AP NEWS

Liberty County Historical Commission implements new youth project

March 7, 2019

Students in Terri Berry’s classroom at Tarkington Middle School stepped back into the 1800s to experience their own community’s history up close.

The classroom lesson was an introduction to the new Youth History Project compiled and presented by a team of members from the Liberty County Historical Commission in school districts across the county.

The focus of the project is to take local history for each district and bring it into the classroom and show its relevance within Texas History.

According to LCHC County Chair Linda Jamison, “Each program is researched and designed to incorporate history specific to each community.”

Included in the presentation is a PowerPoint laced with historic photographs, the Texas History Traveling Trunk which includes common household items circa 1850, and a period dress review to discuss how their ancestors dressed and lived.

Berry’s classroom was the first of many presentations the Historical Commission team members hope to present every year specifically to 7th grade Texas history classes.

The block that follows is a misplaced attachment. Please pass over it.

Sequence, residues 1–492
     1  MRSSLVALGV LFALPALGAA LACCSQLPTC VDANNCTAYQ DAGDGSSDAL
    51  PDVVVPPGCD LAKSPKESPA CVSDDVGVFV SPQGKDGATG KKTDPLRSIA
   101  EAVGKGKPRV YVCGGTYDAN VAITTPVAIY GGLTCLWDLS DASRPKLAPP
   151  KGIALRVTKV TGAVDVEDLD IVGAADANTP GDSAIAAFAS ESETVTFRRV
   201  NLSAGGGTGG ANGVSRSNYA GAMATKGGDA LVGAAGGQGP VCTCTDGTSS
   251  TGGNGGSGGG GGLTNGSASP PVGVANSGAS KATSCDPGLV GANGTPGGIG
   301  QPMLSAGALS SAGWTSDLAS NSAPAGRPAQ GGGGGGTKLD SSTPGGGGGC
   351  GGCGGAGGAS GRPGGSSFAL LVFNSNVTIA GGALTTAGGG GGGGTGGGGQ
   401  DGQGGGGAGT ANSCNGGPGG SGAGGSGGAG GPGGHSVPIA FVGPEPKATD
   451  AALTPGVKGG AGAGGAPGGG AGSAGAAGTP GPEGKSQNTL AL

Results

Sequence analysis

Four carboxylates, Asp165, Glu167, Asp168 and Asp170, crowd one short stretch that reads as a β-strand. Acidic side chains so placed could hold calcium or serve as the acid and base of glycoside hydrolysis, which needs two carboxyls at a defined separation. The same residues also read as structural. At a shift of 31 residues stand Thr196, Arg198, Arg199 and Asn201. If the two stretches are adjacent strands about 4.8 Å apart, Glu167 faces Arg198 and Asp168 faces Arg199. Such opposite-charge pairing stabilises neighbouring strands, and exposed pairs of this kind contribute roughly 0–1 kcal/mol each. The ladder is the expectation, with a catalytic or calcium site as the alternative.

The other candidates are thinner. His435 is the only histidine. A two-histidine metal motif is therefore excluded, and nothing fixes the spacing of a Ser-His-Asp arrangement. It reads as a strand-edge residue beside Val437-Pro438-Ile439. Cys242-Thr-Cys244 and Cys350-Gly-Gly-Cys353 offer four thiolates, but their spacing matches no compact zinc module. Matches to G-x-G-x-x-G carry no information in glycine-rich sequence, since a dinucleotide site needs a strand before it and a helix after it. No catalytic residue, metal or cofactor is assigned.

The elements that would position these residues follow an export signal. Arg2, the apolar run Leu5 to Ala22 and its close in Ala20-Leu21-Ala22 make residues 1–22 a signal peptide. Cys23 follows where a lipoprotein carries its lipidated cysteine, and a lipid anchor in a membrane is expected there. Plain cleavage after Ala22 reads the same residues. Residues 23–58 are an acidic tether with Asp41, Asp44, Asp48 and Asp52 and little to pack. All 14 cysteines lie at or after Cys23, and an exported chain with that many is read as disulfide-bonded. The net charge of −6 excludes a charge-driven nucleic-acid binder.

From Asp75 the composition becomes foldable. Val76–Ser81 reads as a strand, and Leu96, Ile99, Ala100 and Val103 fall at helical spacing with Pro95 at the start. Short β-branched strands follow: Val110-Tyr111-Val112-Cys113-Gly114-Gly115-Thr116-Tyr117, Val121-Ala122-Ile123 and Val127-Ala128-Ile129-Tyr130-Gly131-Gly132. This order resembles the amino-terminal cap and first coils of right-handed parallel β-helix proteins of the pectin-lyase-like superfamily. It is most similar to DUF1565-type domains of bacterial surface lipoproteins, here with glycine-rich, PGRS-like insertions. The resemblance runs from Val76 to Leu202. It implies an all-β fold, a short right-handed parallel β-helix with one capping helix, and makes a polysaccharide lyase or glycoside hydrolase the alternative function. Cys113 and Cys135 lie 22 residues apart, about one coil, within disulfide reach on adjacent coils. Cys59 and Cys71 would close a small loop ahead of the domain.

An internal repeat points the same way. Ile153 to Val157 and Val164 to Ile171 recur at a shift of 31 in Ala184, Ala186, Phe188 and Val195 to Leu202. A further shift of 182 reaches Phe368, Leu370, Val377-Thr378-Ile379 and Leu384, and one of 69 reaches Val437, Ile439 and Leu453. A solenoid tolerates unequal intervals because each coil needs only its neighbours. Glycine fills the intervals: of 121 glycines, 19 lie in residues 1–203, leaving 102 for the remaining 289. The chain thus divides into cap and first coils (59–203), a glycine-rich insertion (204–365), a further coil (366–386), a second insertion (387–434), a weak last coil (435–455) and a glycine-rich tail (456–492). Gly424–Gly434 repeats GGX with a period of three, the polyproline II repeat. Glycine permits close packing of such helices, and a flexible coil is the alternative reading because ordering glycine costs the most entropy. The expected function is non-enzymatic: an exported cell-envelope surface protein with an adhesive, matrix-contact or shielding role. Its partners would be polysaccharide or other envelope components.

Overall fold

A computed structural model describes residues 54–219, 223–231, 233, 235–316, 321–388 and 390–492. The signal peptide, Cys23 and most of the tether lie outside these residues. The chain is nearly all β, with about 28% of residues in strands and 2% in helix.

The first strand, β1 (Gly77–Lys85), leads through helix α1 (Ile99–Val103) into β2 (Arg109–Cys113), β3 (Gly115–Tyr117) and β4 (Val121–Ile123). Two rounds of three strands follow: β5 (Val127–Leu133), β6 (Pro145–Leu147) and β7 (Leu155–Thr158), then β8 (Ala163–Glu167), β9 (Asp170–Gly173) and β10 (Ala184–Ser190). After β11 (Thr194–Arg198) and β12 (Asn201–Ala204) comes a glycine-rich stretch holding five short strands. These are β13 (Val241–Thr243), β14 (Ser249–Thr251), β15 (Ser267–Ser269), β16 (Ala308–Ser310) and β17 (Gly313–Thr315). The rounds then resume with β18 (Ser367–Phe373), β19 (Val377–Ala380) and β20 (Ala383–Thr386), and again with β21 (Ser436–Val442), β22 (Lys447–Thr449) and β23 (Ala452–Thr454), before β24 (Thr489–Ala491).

Project Team Leader Emily Cook took her team to the campus of Tarkington Middle School for presentations to seven classes throughout the day on Feb. 20.

Cook began with a presentation on early settlement and education on Tarkington Prairie. She was followed by Jamison with the Texas History Traveling Trunk with authentic period items common to most households in the mid-1800s.

Students were asked to guess how each item was used and could touch and examine each item as they wished.

Commission member Beverly Davis wrapped up the presentation in period dress and discussed clothing, accessories, etiquette and manners during that period of history in Tarkington.

“The students were very engaged and asked many questions and we were invited back next year,” Jamison reported.

The team will visit Cleveland ISD in May for presentations and are currently scheduling other school districts throughout the county.

Jamison encouraged history teachers throughout the county to contact them for a presentation by emailing lchc318@gmail.com for more information.

To learn more about the Liberty County Historical Commission, visit one of their quarterly meetings at the A. J. “Jack” Hartel building on 318 San Jacinto Street in Liberty.

County Commissions were set up by the State Legislature to act as liaisons between the county and the Texas Historical Commission to preserve, protect and promote local history. The public is invited to attend meetings and to participate in committee work which includes cemeteries, markers, special educational events and outreach in the community, endangered sites and much more.

dtaylor@hcnonline.com